About Brattleboro, Vermont
Brattleboro dances on the edge of Vermont- an urban arts oasis nestled in the foothills, where you can find cows on parade, the Metropolitan Opera, and world-class aerial circus arts all living comfortably in a vibrant, historic downtown. The heart of Brattleboro is the thriving downtown community of independent merchants offering the most unique combination of local and global retail, dining, and service experiences in a compact 3 block footprint. Brattleboro is consistently recognized as a top destination with arts and entertainment that rivals any big city and draws thousands of visitors every season.
Bordering the Connecticut River, Massachusetts, and New Hampshire, Brattleboro is closer than you think. An easy drive from NYC, Hartford, Boston, and Burlington, take Exits 1, 2, or 3 off I-91.
Named #11 of the “20 Best Small Towns in America” (Smithsonian Magazine).
One of America’s Top 25 Destinations for 7 years in a row (The American Style magazine).
One of the Ten Best Small Art Towns in John Vilanni’s book, “The 100 Best Art Towns in America.”
Named “The Best Tourist Spot in Southern Vermont” by the Valley Advocate.
Won 2012 EPA National Award for Smart Growth Achievement for Main Street project.
One of “Eight Great Places You’ve Never Heard Of”, citing arts, covered bridges, food, and ‘civic activism to preserve the quality of life’ (Mother Earth News).
A few other unique things to know about Brattleboro
On July 1, 1847, Brattleboro postmaster Frederick Palmer had the bright idea of putting adhesive on the back of postage stamps and thus sold the first gummed postage stamp in America.
The Brattleboro Retreat, founded in 1834 as the first American institution to provide humane treatment for mental illness, was and is a pioneer in recognizing mental illness as a disease and not a character defect.
Brattleboro is the birthplace of the Brattleboro rat, a strain of rodent first found here, which is used in labs all over the world because of its unique inability to produce the anti-diuretic hormone vasopressin.
As the result of a teenage prank that “went viral”, Brattleboro gained some global notoriety for tolerating public nudity. But rest assured- the town passed an ordinance requiring clothing; you won’t encounter anyone au naturel, unless you visit an isolated swimming hole.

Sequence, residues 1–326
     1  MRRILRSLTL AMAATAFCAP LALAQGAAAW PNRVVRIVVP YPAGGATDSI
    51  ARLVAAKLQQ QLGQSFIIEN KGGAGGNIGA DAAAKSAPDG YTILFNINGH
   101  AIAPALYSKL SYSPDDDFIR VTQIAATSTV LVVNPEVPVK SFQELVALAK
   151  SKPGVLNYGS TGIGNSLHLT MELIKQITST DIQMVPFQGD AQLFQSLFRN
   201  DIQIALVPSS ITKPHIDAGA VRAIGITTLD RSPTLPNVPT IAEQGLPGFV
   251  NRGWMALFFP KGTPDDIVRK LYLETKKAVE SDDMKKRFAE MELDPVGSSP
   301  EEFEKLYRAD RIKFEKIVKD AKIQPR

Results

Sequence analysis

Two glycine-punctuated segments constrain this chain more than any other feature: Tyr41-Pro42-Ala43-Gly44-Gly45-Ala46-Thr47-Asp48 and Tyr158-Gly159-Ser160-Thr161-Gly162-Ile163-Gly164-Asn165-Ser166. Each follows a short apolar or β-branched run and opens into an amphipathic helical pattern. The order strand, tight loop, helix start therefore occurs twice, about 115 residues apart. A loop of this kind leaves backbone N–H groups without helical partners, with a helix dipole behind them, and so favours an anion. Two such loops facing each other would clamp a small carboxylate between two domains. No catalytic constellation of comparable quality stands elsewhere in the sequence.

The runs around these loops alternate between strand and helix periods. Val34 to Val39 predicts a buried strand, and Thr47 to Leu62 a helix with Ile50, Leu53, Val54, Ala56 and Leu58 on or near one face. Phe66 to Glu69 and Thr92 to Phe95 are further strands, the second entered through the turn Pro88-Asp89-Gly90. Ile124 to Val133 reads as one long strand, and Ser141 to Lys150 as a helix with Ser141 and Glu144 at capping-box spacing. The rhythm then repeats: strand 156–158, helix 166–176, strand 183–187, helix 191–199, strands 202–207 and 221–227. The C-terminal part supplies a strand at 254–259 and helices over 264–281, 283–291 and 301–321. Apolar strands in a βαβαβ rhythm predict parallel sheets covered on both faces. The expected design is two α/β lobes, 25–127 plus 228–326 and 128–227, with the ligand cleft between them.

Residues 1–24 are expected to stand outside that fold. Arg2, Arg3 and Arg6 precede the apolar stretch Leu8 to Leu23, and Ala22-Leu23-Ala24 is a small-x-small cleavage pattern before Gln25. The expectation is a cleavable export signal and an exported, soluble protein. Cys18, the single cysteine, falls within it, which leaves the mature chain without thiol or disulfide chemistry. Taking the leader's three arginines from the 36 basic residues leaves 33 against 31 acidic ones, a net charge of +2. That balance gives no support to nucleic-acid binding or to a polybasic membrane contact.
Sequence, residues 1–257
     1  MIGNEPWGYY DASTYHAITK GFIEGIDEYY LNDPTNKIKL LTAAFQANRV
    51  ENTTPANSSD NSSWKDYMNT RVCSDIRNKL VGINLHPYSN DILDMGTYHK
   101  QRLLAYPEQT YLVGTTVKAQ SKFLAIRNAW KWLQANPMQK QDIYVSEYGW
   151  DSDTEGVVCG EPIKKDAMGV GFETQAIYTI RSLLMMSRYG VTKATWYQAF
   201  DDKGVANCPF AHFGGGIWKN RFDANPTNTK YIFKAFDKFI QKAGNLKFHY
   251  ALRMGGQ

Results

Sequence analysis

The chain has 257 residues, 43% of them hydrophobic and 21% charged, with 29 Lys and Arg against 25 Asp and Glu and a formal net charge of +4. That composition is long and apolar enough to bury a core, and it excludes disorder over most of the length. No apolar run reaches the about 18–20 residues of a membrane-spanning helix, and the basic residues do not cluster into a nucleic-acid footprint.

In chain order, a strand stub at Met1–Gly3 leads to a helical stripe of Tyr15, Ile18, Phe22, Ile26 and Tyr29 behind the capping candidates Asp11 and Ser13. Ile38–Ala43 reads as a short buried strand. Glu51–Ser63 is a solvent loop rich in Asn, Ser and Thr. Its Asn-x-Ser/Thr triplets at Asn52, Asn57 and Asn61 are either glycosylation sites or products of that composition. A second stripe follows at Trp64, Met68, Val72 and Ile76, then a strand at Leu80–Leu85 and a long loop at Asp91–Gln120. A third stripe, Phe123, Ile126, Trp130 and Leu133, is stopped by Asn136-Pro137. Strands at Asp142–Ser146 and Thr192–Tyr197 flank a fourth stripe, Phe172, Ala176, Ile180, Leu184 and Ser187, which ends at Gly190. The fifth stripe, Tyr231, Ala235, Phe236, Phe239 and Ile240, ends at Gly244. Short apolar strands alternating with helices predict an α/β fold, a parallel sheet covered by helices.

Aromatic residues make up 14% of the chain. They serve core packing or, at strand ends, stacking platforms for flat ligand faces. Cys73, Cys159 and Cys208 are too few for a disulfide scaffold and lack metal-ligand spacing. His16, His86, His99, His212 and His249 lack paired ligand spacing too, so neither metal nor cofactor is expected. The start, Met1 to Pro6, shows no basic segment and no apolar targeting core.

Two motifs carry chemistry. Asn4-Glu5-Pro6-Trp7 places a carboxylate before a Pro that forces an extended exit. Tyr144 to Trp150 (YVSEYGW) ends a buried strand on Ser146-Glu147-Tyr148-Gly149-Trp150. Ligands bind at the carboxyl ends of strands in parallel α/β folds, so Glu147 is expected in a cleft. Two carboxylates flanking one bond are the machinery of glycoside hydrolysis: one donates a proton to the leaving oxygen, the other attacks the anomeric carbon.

The Brattleboro area was host to a number of hippie communes in the 60s and 70s. Many of the hippies stayed here and have contributed so much to the community. It is not a stretch to say this whole town is an intentional community.
Can you feel the literacy and cultural vibes around here? Not only are there more than 20 bookstores of all stripes in the county, but the Brattleboro area has long been a magnet for writers, poets, and artisans, including writers Rudyard Kipling, Robert Frost, Sinclair Lewis, Pearl Buck, Alexander Solzhenitsyn, Grace Paley, Craig Nova, Jamaica Kincaid, renowned artist Wolf Kahn and architects Richard Morris Hunt and William Rutherford Mead.
At Naulakha,a unique shingle-style house built by Rudyard Kipling near Brattleboro in 1893, the novelist wrote Captains Courageous and The Jungle Books, along with short stories and poetry.
Strolling of the Heifers, which happens annually on the first weekend in June, is the world’s first and only parade featuring a procession of flower-bedecked heifers led by future farmers. Speaking of cows, every black-and-white Holstein-Friesian cow in America is registered at Brattleboro’s Holstein Association, the world’s largest dairy breed association.
In Brattleboro, the circus is always in town! The New England Center for Circus Arts, one of the few training centers for circus aerialists anywhere, attracts students from around the world to its Brattleboro circus school.
For more than half a century music has drawn thousands of visitors to festivals such as the Marlboro Music Festival, the New England Bach Festival, the Yellow Barn Music Festival, the Friends of Music at Guilford, the Brattleboro Music Center, and the Vermont Jazz Center.